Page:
ESPN have offered an update on Manchester United’s pursuit of long-term target Declan Rice.

They report that there are contrasting opinions on the England international among senior figures at Old Trafford.

Ole Gunnar Solskjaer is apparently a huge fan of the midfielder but others have doubts.

Specifically, some whether whether Rice is quick enough, both with and without the ball.

West Ham United v Manchester United - Premier League
(Craig Mercer/MB Media/Getty Images)

There are also apparently concerns over how well he would compliment Scott McTominay.

Some apparently think he could merely replicate what the Scotland international brings to the table.

The concerns also surround West Ham’s valuation of Rice, which is thought to be around £90 million.

For that money, everyone from a recruitment perspective should be in total agreement.

 

Because they currently aren’t, United are apparently looking at cheaper alternatives playing abroad who could anchor the midfield.

West Ham United v Manchester United - Premier League
(Justin Setterfield/Getty Images)

Are United’s concerns justified?

There are a few factors to unpick here. Rice is a fantastic young midfielder, with huge Premier League experience. He could well be an England international for the next ten years and he would be a huge upgrade on Fred.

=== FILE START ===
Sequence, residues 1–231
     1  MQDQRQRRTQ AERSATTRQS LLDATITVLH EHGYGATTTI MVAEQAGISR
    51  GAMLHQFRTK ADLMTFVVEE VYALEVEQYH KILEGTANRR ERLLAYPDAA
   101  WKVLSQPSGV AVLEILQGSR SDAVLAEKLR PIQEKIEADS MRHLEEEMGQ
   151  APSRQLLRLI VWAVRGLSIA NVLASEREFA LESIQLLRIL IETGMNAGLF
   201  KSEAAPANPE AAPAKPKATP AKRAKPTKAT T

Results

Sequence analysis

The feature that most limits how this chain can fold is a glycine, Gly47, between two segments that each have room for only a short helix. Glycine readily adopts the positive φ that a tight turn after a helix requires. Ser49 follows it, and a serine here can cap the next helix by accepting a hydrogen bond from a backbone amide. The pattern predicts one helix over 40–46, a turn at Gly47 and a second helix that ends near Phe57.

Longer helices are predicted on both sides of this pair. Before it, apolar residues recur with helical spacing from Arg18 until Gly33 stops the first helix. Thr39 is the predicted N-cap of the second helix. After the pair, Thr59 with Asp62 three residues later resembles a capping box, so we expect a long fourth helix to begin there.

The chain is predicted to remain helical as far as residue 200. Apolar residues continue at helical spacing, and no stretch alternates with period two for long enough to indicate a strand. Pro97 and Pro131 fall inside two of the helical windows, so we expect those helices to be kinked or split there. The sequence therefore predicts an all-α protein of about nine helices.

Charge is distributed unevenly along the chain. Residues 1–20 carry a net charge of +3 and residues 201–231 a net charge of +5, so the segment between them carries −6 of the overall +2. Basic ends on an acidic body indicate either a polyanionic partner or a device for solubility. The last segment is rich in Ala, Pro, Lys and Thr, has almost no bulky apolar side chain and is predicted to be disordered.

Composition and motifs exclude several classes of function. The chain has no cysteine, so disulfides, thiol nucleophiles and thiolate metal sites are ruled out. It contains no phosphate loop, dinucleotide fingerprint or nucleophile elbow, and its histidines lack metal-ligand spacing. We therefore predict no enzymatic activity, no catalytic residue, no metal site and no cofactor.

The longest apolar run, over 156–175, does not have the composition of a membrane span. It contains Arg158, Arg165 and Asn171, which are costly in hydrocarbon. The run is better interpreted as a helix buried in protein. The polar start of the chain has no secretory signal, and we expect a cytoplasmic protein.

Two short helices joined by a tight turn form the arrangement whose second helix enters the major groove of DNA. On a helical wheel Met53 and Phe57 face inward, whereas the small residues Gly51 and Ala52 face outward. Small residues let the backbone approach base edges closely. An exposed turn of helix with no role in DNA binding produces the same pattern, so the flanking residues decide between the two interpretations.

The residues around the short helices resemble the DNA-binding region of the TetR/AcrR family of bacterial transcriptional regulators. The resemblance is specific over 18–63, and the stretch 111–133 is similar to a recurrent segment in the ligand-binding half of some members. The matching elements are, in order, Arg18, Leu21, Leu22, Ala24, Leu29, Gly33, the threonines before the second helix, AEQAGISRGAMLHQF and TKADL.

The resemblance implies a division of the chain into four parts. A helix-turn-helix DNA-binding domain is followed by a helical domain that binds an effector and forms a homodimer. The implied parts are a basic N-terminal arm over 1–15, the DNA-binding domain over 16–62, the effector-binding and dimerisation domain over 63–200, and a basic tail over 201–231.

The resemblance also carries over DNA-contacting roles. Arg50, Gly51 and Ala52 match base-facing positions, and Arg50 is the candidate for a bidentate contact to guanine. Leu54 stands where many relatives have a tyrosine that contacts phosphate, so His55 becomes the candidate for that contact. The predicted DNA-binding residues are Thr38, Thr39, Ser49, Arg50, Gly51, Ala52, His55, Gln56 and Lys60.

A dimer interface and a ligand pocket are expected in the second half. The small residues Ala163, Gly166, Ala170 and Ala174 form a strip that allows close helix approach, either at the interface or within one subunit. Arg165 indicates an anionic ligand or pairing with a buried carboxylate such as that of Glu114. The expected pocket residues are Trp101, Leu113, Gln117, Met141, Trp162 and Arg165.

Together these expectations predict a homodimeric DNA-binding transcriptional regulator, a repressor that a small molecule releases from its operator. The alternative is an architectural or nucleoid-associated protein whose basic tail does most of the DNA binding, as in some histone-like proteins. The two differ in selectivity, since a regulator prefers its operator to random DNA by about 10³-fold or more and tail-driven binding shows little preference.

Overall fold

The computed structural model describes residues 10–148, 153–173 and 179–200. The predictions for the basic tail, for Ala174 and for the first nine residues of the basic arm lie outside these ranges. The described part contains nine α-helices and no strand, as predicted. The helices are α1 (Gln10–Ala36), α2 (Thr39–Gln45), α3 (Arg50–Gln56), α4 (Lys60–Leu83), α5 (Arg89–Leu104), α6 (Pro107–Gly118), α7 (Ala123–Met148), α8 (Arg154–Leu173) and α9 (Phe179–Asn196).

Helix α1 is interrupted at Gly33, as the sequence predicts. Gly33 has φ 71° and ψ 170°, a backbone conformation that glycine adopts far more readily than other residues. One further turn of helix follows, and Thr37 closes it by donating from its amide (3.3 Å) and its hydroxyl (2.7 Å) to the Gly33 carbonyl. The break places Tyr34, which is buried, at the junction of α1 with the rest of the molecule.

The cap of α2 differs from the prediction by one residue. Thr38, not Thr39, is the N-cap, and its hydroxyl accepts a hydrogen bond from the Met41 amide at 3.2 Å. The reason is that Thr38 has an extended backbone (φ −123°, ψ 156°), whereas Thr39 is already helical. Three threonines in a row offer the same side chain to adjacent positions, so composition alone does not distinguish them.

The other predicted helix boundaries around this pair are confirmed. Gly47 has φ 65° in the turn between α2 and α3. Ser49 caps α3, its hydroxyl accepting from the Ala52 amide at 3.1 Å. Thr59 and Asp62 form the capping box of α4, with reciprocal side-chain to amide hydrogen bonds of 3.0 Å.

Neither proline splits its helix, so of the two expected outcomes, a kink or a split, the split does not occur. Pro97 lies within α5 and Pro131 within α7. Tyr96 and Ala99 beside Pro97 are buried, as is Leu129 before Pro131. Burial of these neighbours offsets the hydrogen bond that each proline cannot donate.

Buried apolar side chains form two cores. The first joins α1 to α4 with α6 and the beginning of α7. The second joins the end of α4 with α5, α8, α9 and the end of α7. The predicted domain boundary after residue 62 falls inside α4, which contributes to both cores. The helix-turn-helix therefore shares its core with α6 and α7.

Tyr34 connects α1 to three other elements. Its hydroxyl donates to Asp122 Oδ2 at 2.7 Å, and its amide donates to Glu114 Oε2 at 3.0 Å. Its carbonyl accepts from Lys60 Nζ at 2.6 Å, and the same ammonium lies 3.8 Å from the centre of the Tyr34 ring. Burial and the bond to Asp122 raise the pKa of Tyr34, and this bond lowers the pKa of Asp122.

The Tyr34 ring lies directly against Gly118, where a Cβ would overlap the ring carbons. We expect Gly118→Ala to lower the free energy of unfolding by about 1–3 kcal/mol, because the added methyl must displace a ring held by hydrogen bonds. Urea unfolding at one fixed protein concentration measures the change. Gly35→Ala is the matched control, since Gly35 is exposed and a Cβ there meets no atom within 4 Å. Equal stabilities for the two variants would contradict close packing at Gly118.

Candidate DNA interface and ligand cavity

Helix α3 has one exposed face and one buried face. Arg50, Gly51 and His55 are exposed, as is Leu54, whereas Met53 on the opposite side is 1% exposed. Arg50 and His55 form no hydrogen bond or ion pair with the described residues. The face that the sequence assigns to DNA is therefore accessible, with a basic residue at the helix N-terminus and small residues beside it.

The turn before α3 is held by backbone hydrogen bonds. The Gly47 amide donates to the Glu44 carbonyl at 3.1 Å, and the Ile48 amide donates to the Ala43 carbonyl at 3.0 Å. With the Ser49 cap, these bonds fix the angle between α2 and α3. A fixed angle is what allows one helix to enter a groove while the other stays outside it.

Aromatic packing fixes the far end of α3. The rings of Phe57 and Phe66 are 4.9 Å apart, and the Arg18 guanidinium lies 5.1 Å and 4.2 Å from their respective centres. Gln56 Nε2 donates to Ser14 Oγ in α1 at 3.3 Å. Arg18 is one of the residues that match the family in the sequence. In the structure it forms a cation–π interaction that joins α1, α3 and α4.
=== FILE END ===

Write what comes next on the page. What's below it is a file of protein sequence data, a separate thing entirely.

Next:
With him alongside McTominay, United would have a towering, physical midfield duo, both capable of playing disciplined roles or bombing on defending on the demands of the game.

But the price is a major factor. We have written for a while that it might be worth United looking at more affordable holding midfield options.

Another thing to consider is Rice apparently wants to change his game so he’s more like Yaya Toure, moving forward out of midfield.

What United need is a disciplined anchorman, although it is hard to understand concerns he’s not quick enough. Rice is a great athlete, and will only improve as he matures.

It will be interesting to see if alternative midfield targets emerge over the coming weeks and months, and how they compare to Rice in terms of their attributes and affordability.

Have something to tell us about this article?